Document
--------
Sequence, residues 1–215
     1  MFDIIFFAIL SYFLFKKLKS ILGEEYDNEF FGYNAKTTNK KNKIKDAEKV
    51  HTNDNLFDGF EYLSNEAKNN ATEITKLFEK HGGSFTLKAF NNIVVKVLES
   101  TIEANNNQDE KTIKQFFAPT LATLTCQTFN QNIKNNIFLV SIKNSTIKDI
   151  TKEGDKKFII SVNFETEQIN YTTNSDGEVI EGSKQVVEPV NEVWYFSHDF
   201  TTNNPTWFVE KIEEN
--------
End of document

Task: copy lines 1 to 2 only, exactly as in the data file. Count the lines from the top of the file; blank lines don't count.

Sequence, residues 1–215
     1  MFDIIFFAIL SYFLFKKLKS ILGEEYDNEF FGYNAKTTNK KNKIKDAEKV